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  • Oral presentation
  • Open Access

Vascular remodelling in the absence and presence of cGKI

  • 1Email author,
  • 1,
  • 1,
  • 2,
  • 3,
  • 4,
  • 5,
  • 1 and
  • 2
BMC Pharmacology20077 (Suppl 1) :S41

  • Published:


  • Nitric Oxide
  • Stent Placement
  • Balloon Angioplasty
  • Vascular Remodelling
  • Continuous Administration

The signaling molecule nitric oxide (NO) is of crucial importance for smooth muscle cell (SMC) function and exerts numerous, sometimes opposing effects on vascular proliferative diseases, such as atherosclerosis and restenosis. Under physiological conditions many effects of NO are mediated via the cyclic guanosine-3',5'-monophosphate (cGMP)/cGMP-dependent protein kinase type I (cGKI) pathway. In the cardiovascular system protective effects of NO signaling have been generally attributed to cGMP/cGKI. In contrast, novel genetic evidence from the analysis of atherosclerosis-prone mice indicated that endogenous cGKI accelerated plaque growth and, thus, was pro-atherogenic. However, in restenosis after intra-arterial interventions, such as balloon angioplasty or stent placement the mediator(s) of NO signals, in particular the role of endogenous SMC cGKI is unclear. Towards a better understanding of cGKI and its function in restenosis the Cre-loxP site-specific recombination system was used to generate conditional cardiac and SMC cGKI knockout mice. To test whether the lack of cGKI in SMCs affects the injury-induced vascular remodelling conditional mutants and control mice were analysed by morphometry and immunohistochemistry at different time points after injury, in a normolipidemic situation as well as on an apolipoprotein E-deficient genetic background. In addition, by continuous administration of sildenafil the cGMP/cGKI pathway was chronically activated in wild type mice subjected to the injury.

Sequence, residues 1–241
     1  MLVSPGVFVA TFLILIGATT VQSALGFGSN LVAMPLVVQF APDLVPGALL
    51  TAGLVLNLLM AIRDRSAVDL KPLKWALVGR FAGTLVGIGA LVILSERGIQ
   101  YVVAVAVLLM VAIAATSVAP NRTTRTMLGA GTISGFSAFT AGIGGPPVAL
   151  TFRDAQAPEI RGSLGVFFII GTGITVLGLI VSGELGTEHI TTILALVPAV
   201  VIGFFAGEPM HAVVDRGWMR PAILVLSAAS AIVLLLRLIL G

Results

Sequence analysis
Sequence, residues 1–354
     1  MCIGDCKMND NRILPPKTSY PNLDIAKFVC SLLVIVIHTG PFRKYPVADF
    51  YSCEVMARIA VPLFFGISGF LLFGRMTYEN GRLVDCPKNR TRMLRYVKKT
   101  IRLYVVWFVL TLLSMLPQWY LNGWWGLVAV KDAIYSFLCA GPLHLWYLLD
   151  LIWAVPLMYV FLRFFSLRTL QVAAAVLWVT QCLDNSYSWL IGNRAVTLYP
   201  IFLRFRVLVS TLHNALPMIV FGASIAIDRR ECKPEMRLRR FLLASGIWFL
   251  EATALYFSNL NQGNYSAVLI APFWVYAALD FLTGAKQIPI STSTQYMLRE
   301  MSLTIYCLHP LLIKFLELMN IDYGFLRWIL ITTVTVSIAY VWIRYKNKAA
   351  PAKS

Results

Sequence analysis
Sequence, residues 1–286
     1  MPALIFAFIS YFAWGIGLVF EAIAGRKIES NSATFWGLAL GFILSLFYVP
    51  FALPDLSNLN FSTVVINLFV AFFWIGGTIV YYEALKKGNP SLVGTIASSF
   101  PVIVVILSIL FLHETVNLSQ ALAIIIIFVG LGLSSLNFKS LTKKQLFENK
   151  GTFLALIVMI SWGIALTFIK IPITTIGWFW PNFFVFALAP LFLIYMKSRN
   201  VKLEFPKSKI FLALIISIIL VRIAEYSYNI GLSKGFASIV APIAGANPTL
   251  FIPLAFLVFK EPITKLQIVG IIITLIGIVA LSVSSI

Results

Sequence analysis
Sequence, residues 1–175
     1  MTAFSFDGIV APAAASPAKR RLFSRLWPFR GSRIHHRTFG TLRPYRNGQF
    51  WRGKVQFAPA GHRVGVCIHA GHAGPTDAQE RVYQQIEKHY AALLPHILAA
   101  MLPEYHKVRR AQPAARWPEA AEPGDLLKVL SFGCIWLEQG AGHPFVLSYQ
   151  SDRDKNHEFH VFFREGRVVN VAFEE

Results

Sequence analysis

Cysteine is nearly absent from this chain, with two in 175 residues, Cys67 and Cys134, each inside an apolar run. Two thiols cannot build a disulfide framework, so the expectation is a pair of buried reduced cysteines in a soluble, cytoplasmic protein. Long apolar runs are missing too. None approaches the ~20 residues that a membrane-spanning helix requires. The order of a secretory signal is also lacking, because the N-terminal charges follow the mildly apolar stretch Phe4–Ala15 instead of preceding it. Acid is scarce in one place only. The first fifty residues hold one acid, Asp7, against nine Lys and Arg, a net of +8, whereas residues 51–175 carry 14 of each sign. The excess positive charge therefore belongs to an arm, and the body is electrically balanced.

Taken together, the analysis of different mouse models of vascular proliferative diseases suggests a context-specific relevance of the cGMP/cGKI pathway for atherosclerosis and restenosis.

Authors’ Affiliations

Institut für Pharmakologie und Toxikologie, TU München, Germany
Interfakultäres Institut für Biochemie, Universität Tübingen, Germany
Max-Delbrück-Centrum für Molekulare Medizin, Berlin-Buch, Germany
Department of Molecular Genetics, UT Southwestern, Dallas, USA
Deutsches Herzzentrum, TU München, Germany


© Lukowski et al; licensee BioMed Central Ltd. 2007

This article is published under license to BioMed Central Ltd.